Jailed Guatemala ex-leader denies corruption charges
Guatemala's former president has appeared in court after spending his first night in prison.
Otto Perez Molina, 64, rejected allegations that he was the mastermind of a customs corruption scheme dubbed La Linea, or The Line.
At least 100 people are being investigated over the scheme.
A judge in Guatemala City ordered his detention on Thursday while hearings over the corruption allegations took place.
After Friday's second day of hearings, Mr Perez Molina was again taken from court to a military prison in the capital.
Mr Perez Molina addressed the court on Friday.
"The first thing I want to deny: I don't belong to La Linea," he said.
He denied taking any bribes and promised to co-operate with the investigation.
"Your honour, I am not going to risk my dignity, my work, nor all the effort I have made for Guatemala in return for $800,000,'' he said, in reference to the amount prosecutors say he received illegally.
Investigators say the scheme involved businesses paying bribes to government officials and customs officers in return for being allowed to evade import duties.
Mr Perez Molina reminded the court that he had rejected much higher bribe offers from the fugitive Mexican drug lord, Joaquin "Shorty" Guzman in 1993.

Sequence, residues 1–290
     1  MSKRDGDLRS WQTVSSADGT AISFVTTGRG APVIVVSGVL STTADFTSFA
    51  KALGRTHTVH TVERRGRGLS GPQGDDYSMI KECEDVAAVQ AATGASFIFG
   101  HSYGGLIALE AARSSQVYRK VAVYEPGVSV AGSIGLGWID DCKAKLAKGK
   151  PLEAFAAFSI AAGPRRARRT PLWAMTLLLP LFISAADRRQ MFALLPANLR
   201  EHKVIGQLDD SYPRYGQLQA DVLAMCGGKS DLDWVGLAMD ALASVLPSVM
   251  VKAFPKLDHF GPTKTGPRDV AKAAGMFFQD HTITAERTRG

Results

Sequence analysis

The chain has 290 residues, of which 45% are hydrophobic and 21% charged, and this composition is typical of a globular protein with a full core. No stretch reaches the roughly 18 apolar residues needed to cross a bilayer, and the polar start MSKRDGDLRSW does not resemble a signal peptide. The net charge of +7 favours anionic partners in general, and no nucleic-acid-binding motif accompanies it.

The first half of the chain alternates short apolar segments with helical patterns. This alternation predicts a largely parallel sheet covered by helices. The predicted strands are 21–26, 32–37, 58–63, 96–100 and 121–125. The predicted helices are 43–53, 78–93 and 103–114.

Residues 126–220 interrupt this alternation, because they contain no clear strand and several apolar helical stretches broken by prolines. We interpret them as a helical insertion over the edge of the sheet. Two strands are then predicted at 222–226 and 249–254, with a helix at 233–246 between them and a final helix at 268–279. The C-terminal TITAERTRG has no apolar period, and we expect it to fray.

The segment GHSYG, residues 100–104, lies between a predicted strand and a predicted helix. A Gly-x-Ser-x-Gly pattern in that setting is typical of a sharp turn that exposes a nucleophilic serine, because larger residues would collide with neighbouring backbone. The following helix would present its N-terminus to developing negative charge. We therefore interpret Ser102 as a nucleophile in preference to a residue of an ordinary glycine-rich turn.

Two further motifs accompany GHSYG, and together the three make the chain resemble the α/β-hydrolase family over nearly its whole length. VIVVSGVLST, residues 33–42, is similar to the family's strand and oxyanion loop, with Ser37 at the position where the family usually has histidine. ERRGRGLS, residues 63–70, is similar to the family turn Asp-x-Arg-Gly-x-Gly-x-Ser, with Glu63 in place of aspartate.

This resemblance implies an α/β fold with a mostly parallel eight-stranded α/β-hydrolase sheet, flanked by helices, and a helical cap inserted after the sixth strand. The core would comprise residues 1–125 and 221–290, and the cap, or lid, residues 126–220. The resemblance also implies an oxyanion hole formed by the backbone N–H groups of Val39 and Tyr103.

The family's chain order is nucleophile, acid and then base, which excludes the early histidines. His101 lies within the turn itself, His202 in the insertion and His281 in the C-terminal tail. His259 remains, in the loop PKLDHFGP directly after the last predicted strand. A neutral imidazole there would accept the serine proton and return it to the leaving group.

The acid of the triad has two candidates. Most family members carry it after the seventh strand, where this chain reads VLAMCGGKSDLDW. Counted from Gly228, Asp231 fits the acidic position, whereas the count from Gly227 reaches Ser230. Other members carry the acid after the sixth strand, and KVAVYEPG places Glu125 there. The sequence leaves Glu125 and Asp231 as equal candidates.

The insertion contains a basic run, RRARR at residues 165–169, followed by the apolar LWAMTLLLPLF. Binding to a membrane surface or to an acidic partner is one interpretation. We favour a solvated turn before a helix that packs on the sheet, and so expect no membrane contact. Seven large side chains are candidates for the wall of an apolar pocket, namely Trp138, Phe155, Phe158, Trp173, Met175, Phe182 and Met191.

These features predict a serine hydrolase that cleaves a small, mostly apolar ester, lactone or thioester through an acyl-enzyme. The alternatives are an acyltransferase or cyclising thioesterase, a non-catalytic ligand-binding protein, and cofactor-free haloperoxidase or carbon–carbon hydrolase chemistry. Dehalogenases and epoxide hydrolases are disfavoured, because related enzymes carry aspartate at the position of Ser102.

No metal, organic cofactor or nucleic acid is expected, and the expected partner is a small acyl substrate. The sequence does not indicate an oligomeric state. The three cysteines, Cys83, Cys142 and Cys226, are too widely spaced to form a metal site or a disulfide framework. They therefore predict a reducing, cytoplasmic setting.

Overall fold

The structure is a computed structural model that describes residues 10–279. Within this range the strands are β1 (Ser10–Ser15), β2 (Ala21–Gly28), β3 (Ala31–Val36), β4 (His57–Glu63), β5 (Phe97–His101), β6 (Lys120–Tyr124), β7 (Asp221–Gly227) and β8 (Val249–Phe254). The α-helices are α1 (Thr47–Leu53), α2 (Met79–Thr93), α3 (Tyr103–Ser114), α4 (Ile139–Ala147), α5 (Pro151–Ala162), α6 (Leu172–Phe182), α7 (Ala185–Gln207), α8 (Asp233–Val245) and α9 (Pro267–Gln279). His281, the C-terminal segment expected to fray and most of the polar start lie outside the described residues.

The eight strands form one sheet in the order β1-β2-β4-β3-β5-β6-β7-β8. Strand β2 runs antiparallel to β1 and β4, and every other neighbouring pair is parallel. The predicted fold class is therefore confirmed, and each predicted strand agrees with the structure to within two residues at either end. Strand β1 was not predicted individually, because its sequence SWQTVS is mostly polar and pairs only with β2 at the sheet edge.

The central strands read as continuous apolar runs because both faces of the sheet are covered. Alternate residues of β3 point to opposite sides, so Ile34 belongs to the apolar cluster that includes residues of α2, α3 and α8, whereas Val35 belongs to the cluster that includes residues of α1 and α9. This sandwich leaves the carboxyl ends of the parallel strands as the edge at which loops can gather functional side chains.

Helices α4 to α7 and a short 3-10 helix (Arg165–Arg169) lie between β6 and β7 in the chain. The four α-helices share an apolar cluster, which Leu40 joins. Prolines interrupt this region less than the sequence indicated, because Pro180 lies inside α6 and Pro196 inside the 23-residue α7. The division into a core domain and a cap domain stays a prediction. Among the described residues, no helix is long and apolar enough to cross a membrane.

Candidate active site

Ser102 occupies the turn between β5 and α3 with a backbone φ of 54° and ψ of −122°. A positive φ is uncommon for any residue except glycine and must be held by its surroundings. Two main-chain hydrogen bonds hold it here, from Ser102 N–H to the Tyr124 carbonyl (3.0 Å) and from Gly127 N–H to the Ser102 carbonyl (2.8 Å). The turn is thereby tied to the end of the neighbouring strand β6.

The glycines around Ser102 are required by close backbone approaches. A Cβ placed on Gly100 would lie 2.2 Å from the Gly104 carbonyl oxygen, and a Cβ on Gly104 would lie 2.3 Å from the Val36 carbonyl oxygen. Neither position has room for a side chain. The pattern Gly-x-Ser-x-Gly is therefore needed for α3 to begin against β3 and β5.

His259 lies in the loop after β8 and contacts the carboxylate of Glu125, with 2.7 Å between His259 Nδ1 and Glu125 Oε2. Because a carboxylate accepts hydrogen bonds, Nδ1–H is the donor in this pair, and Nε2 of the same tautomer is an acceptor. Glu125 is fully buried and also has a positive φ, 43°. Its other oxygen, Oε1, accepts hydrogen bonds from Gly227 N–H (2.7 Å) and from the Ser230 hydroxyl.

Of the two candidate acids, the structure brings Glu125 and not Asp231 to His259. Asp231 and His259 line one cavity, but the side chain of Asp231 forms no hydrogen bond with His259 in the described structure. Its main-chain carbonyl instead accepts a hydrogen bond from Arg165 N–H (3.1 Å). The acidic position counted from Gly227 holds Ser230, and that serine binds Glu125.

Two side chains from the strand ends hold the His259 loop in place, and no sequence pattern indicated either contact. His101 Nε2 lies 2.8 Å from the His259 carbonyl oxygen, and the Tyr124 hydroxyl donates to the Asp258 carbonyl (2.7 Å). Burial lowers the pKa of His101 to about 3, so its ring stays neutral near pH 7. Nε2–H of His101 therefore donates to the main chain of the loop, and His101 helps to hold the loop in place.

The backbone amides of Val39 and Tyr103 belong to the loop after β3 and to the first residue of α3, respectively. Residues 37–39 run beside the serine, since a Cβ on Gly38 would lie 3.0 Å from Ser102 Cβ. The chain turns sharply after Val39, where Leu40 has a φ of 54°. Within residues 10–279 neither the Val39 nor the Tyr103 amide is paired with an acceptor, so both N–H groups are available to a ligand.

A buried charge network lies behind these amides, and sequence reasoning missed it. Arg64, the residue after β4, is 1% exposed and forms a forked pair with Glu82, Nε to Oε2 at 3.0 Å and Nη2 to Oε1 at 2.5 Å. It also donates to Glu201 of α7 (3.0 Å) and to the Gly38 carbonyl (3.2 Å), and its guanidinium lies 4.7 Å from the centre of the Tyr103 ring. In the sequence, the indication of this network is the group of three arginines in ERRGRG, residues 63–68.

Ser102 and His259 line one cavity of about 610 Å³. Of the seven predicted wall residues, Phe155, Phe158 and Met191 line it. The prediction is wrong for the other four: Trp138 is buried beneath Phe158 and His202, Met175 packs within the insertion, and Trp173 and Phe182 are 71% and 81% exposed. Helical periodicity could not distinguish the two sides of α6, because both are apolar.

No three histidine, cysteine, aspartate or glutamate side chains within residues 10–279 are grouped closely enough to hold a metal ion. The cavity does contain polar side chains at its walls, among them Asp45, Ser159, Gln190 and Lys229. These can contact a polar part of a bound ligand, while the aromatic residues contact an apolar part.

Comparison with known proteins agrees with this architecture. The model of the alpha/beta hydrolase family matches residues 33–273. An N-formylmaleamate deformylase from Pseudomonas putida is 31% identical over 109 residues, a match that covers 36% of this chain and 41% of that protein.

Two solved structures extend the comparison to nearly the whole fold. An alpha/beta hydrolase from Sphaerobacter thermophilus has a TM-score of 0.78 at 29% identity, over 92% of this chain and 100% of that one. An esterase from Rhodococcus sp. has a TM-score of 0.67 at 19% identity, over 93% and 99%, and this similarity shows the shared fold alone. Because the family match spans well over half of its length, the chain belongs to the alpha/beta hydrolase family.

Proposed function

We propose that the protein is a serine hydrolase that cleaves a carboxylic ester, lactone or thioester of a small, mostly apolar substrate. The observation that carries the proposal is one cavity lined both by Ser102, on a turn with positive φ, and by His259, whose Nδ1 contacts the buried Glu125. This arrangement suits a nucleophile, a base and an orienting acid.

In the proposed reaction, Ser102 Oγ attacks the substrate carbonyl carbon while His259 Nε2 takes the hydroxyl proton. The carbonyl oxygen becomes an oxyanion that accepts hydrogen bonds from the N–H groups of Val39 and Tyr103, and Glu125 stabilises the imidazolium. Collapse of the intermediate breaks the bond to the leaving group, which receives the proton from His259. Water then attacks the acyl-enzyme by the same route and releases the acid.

Mr Perez Molina led the operation that led to his arrest in Guatemala.
"After his capture, I was offered 10, 15 times more than that amount in bribes [to let him go]. I didn't do it because that goes against my principles," he said.
Guzman, who is the leader of the Sinaloa Cartel, was extradited to Mexico, but escaped from a high security jail for a second time earlier this year.
Guatemala's Congress stripped Mr Perez Molina of his immunity from prosecution on Tuesday.
That opened the way for criminal charges to be brought against him.
The vice-president was sworn in as interim head of state ahead of elections this Sunday after Mr Perez Molina resigned on Thursday.
Alejandro Maldonado is expected to govern until the new president is sworn in on 14 January.
Guatemalans go to the polls on Sunday to take part in scheduled general elections.
Mr Perez Molina is constitutionally barred from seeking re-election.
Mr Maldonado had only been in the post of vice-president since mid-May, when his predecessor Roxana Baldetti resigned.
Ms Baldetti is accused of involvement in the same corruption scheme that Mr Perez Molina is said to have masterminded. She is also being held in prison.
Mr Perez Molina's resignation on Thursday and arrest are a huge victory for an unprecedented anti-corruption protest movement that had swelled in recent months, with regular marches in Guatemala's major cities.